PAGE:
The airway is generally seen on pantomographs that are superimposed over the ramus of the mandible (Figure 8A to Figure 8C). Sometimes, the airway appears radiolucent, causing the angle of the mandible to look “burned out.” This indicates that no information was captured. Burn out should not be confused with pathosis or mandibular fracture. To correct this, another pantomograph should be made using a lower peak kilovoltage (kVp) and milliamperage (mA) setting—purposely underexposing the patient to produce a lighter image (Figure 8B).2 In pantomographic imaging, saturation can caused by overexposure, but is most likely due to a gamma correction setting in the software.
Occasionally, the cervical spine is seen on the lateral aspects of the pantomographs, due to technique error. In most cases, the cervical spine is curved, and the anterior arch of the atlas (C1) is superimposed on the condylar neck—giving the impression of an increased radiopacity within the upper aspect of the posterior ramus and neck of the condyle (Figure 9). The best way to avoid this is to ensure proper positioning and use of correct technique. Oral health professionals should ask patients to stand tall and tuck their chins slightly downward. This will help to straighten the cervical spine and prevent the atlas (C1) from superimposing on the ramus.
Advanced technology in direct digital pantomographic imaging gives clinicians the opportunity to change settings to match the size and shape of patients’ jaws. For example, when imaging a small/average woman, it may be appropriate to reduce the breadth of the posterior focal trough to a size consistent with most adolescents. The tips discussed previously help to prevent capturing the cervical spine in the image. If appearing in the pantomograph, the cervical spine should be straight without superimposing the mandible.
ANOMALY OF THE SPINE
The best way to evaluate a spine is to find the anterior arch of the atlas and start by counting, C1 (Figure 9). Separation between C1 and C2 cannot be seen because the odontoid process of C2 is superimposed by the transverse processes of C1 as the dens of C2 projects upward. Next, follow the outline of the bone, and look for discontinuity in the thin, cortical outline of the vertebra, including end plates. The vertebral disc lies within the spaces between the end plates, but the vertebral disc cannot be seen on pantomographic images. Sometimes, in the area of C2 to C3 or C3 to C4, the endplates have fused and the disc space isn’t visualized. When fusion of the vertebral end plates is seen, a referral to a medical provider is suggested to rule out a congenital anomaly.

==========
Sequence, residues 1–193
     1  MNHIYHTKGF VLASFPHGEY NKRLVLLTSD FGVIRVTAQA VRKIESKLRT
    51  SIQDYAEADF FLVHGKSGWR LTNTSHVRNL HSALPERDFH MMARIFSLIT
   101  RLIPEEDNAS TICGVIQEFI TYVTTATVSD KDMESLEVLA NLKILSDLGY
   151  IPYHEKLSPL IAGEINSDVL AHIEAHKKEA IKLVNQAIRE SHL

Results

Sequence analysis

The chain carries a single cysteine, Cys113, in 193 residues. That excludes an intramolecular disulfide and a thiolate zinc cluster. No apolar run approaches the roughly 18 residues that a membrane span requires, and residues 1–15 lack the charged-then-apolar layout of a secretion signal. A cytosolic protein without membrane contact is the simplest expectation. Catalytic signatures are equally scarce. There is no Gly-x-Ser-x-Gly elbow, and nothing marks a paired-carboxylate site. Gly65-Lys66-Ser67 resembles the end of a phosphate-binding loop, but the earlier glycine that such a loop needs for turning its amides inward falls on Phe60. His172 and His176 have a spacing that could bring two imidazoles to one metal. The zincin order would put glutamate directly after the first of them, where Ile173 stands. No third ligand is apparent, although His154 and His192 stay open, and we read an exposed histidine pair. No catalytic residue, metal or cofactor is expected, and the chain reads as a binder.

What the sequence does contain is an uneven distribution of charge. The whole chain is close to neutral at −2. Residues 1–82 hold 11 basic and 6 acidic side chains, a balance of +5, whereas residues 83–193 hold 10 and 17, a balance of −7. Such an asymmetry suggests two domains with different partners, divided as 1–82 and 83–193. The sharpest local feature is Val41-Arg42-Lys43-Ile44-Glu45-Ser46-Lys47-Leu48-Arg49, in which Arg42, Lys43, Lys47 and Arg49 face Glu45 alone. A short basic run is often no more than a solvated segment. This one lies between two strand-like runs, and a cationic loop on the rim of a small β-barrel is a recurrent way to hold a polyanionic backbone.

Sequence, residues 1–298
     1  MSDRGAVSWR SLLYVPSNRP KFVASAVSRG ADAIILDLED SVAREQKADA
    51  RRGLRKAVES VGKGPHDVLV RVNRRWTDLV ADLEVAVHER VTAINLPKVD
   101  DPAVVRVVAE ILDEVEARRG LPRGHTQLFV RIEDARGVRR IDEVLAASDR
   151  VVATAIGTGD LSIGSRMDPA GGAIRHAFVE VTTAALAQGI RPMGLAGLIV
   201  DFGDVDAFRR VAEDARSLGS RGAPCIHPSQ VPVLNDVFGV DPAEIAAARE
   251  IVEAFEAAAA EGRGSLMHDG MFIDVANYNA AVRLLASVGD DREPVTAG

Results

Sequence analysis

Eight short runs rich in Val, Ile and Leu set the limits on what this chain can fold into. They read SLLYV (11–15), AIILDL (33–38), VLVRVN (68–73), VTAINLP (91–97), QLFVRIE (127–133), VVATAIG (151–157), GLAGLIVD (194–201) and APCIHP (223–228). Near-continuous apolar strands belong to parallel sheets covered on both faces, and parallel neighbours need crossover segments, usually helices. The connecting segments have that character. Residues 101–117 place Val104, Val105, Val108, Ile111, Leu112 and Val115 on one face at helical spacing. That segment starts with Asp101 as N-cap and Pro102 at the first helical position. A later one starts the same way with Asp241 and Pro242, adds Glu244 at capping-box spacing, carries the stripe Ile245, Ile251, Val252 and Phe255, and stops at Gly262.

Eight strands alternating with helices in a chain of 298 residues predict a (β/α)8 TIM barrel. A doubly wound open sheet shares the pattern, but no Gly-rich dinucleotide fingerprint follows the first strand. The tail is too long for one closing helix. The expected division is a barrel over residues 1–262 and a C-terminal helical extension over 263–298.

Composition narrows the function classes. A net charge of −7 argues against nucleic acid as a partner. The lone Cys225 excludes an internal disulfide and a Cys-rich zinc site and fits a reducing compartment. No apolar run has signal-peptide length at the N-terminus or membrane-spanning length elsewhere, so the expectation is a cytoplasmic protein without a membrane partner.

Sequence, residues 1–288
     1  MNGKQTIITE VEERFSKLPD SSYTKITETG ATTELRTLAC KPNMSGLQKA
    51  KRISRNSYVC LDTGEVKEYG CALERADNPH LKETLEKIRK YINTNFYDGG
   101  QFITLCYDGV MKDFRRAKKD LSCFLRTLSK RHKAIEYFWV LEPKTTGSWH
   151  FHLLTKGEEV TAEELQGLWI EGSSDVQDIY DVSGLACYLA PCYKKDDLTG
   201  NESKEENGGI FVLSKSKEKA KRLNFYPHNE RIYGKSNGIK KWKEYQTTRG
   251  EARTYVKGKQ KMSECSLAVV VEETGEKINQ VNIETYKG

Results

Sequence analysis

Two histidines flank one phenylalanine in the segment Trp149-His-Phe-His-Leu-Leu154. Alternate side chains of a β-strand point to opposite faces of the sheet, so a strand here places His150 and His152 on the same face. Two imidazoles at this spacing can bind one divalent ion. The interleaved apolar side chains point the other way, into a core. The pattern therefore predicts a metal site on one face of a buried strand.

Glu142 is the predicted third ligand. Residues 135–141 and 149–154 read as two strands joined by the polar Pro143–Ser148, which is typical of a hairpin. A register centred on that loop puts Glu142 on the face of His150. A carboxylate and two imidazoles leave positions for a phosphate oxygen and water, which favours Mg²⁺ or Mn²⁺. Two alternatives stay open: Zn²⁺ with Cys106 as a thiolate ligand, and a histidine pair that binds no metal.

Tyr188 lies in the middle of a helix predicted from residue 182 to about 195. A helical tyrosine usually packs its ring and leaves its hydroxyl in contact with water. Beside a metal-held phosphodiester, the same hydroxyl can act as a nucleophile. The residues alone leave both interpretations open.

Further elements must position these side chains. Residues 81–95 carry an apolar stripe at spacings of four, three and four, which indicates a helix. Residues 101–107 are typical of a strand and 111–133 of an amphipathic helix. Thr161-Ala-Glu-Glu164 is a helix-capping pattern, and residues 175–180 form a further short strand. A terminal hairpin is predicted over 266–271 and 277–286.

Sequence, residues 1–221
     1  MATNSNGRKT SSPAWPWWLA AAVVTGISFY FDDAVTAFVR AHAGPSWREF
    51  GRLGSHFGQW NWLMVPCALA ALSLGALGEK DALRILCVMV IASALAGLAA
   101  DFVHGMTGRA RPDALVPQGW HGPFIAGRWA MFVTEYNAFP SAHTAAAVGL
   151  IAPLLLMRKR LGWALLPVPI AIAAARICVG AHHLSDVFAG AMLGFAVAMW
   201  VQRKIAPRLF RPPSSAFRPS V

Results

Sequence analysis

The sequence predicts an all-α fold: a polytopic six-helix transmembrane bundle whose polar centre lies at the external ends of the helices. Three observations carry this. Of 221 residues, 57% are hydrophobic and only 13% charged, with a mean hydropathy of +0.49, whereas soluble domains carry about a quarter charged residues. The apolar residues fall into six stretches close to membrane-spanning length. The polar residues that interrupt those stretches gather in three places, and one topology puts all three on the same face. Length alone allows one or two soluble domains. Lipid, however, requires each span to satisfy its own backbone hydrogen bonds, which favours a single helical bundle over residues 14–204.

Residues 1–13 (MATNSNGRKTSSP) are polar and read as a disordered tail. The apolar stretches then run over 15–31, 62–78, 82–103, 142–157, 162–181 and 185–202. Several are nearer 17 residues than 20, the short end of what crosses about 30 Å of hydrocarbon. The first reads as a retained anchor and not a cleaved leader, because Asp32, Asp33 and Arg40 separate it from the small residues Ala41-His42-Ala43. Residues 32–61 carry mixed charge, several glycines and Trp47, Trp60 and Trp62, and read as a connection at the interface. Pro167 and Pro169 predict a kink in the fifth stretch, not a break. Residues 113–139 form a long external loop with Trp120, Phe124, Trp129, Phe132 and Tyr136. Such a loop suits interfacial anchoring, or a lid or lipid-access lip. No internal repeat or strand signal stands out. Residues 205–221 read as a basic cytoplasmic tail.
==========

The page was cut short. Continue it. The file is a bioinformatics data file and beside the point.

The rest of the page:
FIGURE 8A. The airway is superimposed as a radiolucent band over the right and left ramus of the mandible (yellow arrows) in this pantomograph.
FIGURE 8B. This pantomograph is lightened to show the intact mandible in the area of the superimposed airway.
FIGURE 8C. The superimposed airway is visible in this pantomograph.
In all panoramic images, clinicians should be aware of the canals of the vertebral artery. They bilaterally and vertically ascend through the transverse foramina of the vertebral bodies before turning to enter the foramen magnum. This artery is a great mimicker of pathology, such as multiple myeloma with its round, well defined, almost punched out appearing radiolucency in the cervical spine, usually seen at the C2 to C3 level (Figure 10).
FIGURE 9. Anterior arch of the atlas is superimposed on the ramus and condylar neck, bilaterally.
FIGURE 10. The transverse for amen contains the vertebral artery, which is commonly mistaken for pathology.
Dental professionals are committed to ensuring the oral health of their patients, which includes taking and examining digital radiographs that may sometimes depict anatomical structures mimicking pathology. Clinicians must remain current on their knowledge of anatomy to ensure correct interpretations of such imaging.
- White SC, Pharoah MJ. Oral Radiology: Principles and Interpretation. 6th ed. St. Louis: Mosby; 2008.
- Iannucci J, Howerton LJ. Dental Radiography: Principles and Techniques. 4th ed. Philadelphia: Elsevier; 2011.
From Dimensions of Dental Hygiene. February 2014;12(2):34,36–38.